That’s what it was like for the two Sheffield teams – one made up of 16 students and one 17, walking into the Penn State Multi-Sports Facility in State College. It isn’t the Sheffield High School gymnasium.

“At our school, there is five targets with 10 kids shooting at one time,” said Linkerhof. “At Penn State, there were 95 targets all in a row. It was crazy.

“With 12 bows (and 33 shooters), I had to figure out who was shooting what bow at what time,” she said.

The scoring targets are marked with 10 evenly spaced concentric rings, which have score values from 1 through 10. To score a ten, you have to hit the “bullseye,” or X ring.

According to Linkerhof, each archer got five warm-ups from 10 yards away, and then 15 arrows that scored from 10 yards, and 15 arrows that scored from 15 yards.

It’s all pretty well organized so that all the shooters shoot their arrows before anyone walks down to the target to score the arrows.

“There were 200 kids lined up,” said Linkerhof. “It takes 15 minutes for every round.”

All in all, there were over 900 students in four divisions, High School Boys and Girls, and Middle School Boys and Girls.

“None of us knew what to think,” said his Kolten’s mother, Heather.

“There were seniors that had been shooting (in competitions) since third grade,” said Linkerhof. “We’ve been shooting for one month.”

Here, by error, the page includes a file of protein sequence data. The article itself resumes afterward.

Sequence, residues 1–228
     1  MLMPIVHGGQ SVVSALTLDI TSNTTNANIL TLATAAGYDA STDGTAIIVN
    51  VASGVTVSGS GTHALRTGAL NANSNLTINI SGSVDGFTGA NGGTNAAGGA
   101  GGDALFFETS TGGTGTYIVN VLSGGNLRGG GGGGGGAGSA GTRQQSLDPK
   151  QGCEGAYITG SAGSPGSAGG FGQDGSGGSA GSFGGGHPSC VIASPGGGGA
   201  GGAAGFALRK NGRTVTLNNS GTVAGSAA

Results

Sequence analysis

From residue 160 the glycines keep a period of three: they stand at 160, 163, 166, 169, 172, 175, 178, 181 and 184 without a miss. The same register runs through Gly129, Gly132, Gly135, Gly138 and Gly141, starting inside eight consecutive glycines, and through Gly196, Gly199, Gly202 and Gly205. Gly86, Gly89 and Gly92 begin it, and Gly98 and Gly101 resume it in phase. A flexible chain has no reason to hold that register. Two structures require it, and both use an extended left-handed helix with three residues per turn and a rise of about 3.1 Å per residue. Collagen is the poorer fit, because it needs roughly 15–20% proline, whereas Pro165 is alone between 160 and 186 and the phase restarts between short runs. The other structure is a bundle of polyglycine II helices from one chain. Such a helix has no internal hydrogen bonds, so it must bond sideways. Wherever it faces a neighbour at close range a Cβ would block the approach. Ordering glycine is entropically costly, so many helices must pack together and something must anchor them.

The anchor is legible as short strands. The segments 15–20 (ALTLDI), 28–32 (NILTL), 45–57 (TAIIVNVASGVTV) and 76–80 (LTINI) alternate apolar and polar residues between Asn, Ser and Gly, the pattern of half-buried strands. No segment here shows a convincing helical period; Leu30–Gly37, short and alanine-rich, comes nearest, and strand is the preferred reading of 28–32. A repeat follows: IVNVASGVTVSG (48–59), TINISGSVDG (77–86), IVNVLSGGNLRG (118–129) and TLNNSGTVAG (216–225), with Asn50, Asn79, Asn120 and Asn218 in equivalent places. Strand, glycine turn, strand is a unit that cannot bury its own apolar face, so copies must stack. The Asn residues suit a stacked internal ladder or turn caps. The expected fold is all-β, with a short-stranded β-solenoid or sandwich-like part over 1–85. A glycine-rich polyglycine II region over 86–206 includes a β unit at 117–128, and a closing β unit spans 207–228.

The Sheffield students didn’t look like beginners – not at all.

When Kolten was finished, he had scored a 287 out of 300. He shot 20 perfect 10’s out of 30 shots, and every shot but one was either a 9 or 10. The last shot hit the bill of his cap and he still hit an 8.

“He was second overall for the entire tournament,” said Linkerhof. “The only kid who beat him was in high school (a senior) and had a 288.”

Johnson stood on the podium as the NASP Middle School Boys state champion, and earned an invitation to the NASP Nationals May 10 and 11 at the Kentucky Fair and Exposition Center in Louisville, Kent.

Now Linkerhof is trying to figure out a way to get him there. “We’re raising money,” she said. “Tall Tales gave us a Hoyt bow worth $799 to raffle off.

“I knew there was a national competition, but I didn’t know how you qualified,” she said.

Sheffield, as a team, nearly qualified for nationals, with a number of individuals also coming close to qualifying. out of the 33 from Sheffield, eighth-grader Mason Albaugh was within four points of placing in his division with a 271X300;

Middle-schooler Mya Grubbs was in a four-way tie for fifth in her division, and five go to nationals from each division. But her tiebreaker came down to the number of 10’s, 9’s 8’s, etc. each shooter got. That’s how close she was;

Adam Higby, a sophomore at Sheffield, shot a 277X300, and 278 was good for fifth;

Mikayla Holden had a 260 out of 300.

“I thought Kolten would do well, but he won,” said Linkerhof of the competition (www.nasptournaments.org/VTResults.aspx?tid=190&season=2012-2013) that lasted from 9 a.m. to 5:30 p.m. Saturday at Penn State.

It was beyond Linkerhof’s imagination that Sheffield would return a state champion and national qualifier after two months of indoor shooting, but now she’s shooting for the stars.

“It’s not going away,” she said. “I sent out a letter today saying, ‘Hey, we’re sending a kid to nationals, if you can help us any money above that will help to keep this program going.'”

The bus hadn’t even arrived back in Sheffield from State College when a student asked, “Are we shooting next week?”